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Title Adaptation: linking research and practice
AuthorEyzaguirre, J; Warren, F
SourceCanada in a changing climate: sector perspectives on impacts and adaptation; by Warren, F J (ed.); Lemmen, D S (ed.); 2014 p. 253-286
LinksOnline - En ligne (PDF, 21 MB)
PublisherNatural Resources Canada
Mediaon-line; digital; paper
RelatedThis publication is contained in Warren, F J; Lemmen, D S; (2014). Canada in a changing climate: sector perspectives on impacts and adaptation
RelatedThis publication is a translation of Eyzaguirre, J; Eyzaguirre, J; Warren, F; Warren, F; (2014). Adaptation : établir un lien entre la recherche et la pratique, Vivre avec les changements climatiques au Canada : perspectives des secteurs relatives aux impacts et à l'adaptation,
File formatpdf
ProvinceBritish Columbia; Alberta; Saskatchewan; Manitoba; Ontario; Quebec; New Brunswick; Nova Scotia; Prince Edward Island; Newfoundland and Labrador; Northwest Territories; Yukon; Nunavut
NTS1; 2; 3; 10; 11; 12; 13; 14; 15; 16; 20; 21; 22; 23; 24; 25; 26; 27; 28; 29; 30; 31; 32; 33; 34; 35; 36; 37; 38; 39; 40; 41; 42; 43; 44; 45; 46; 47; 48; 49; 52; 53; 54; 55; 56; 57; 58; 59; 62; 63; 64; 65; 66; 67; 68; 69; 72; 73; 74; 75; 76; 77; 78; 79; 82; 83; 84; 85; 86; 87; 88; 89; 92; 93; 94; 95; 96; 97; 98; 99; 102; 103; 104; 105; 106; 107; 114O; 114P; 115; 116; 117; 120; 340; 560
Lat/Long WENS-141.0000 -50.0000 90.0000 41.7500
Subjectsenvironmental geology; Nature and Environment; adaptation; climate effects; climatic fluctuations; climate; health hazards; adaptation; sea level fluctuations; economic analyses; governments; climate change
Illustrationslocation maps; tables
ProgramClimate Change Impacts and Adaptation Program
Since 2008, climate change adaptation research and practice in Canada has been characterized by increasing engagement, diversity and complexity. Understanding of the adaptation process has improved, more groups are involved in adaptation discussions and a growing number of adaptation activities are documented. This progress leads to the following conclusions:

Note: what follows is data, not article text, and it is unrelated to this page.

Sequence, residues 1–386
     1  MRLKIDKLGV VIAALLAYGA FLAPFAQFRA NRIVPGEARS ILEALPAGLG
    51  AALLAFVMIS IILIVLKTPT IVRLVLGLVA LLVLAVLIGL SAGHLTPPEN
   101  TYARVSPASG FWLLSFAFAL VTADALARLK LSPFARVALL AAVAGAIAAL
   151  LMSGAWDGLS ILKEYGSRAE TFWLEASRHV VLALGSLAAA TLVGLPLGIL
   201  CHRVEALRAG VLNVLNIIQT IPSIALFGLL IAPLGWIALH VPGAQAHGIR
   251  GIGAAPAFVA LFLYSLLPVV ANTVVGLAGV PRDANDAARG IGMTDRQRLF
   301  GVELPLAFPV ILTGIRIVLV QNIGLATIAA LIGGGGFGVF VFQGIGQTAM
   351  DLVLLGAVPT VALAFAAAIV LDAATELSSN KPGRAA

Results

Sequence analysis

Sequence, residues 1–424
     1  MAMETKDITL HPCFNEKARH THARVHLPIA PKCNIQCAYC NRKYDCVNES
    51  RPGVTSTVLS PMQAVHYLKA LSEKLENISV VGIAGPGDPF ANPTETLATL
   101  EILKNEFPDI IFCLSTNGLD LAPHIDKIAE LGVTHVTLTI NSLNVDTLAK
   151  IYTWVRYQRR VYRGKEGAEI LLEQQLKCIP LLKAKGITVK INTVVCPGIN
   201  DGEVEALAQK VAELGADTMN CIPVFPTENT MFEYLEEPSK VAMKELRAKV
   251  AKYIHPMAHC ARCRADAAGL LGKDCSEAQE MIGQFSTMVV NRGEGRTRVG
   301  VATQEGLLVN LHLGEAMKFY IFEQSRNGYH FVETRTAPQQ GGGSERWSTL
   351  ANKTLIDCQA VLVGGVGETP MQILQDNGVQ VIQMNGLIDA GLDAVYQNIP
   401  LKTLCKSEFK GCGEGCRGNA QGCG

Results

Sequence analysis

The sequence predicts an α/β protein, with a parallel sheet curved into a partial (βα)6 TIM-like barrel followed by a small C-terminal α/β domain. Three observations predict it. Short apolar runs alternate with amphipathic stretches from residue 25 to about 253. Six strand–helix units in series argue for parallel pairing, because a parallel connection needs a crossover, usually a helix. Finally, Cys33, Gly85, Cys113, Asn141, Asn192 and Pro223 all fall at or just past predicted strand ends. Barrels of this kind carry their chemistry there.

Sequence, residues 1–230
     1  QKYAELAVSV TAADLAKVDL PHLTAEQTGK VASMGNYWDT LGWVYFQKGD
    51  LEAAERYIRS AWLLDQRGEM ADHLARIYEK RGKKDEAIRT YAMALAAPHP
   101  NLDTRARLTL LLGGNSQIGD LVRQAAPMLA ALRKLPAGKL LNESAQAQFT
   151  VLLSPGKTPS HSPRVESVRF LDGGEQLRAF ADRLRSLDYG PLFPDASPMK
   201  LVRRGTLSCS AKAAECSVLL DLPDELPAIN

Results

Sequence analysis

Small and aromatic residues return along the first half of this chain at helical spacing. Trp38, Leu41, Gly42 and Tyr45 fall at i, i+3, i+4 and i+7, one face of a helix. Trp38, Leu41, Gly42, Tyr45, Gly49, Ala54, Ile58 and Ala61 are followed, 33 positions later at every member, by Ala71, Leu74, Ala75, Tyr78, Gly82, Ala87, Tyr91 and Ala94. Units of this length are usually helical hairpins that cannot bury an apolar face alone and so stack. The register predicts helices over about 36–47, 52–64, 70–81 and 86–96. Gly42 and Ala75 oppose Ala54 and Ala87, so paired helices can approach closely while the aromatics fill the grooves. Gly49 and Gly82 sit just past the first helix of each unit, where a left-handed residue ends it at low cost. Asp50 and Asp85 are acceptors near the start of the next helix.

Adaptation is being undertaken in Canada to achieve a range of goals, such as increasing capacity to adapt, improving resilience to specific climate events (especially extremes), and enhancing ability to thrive under different climate conditions. Among sectors, those with a demonstrated high sensitivity and exposure to climate and weather are generally most active in taking steps to understand, assess and manage vulnerability and risk related to climate change.
Adaptation is not solely a local issue, although examples from the municipal level still predominate. There are examples of action by all levels of government, as well as community groups and industry, many of which represent collaborative initiatives.
Understanding of the barriers and challenges to adaptation has improved, with recognition that factors beyond the basic determinants of adaptive capacity need to be addressed in order to increase the will to adapt and the success of adaptation measures. These include consideration of values and risk perception in framing problems and identifying solutions. As a result, understanding of how to overcome key barriers and enable adaptation has improved.
At present, undertaking planning and policy exercises, building capacity and raising awareness comprise much of the adaptation action documented, with relatively few examples of implementation of specific changes to reduce vulnerability to future climate change, or take advantage of potential opportunities. As such, adaptation implementation in Canada is still in its early stages.
Several factors can help accelerate the transition between awareness and action, including strong leadership and effective champions, targeted awareness-raising and supportive strategies or policies. Experiencing extreme events, as well as observing impacts of gradual changes (e.g. sea level rise) also stimulate adaptation.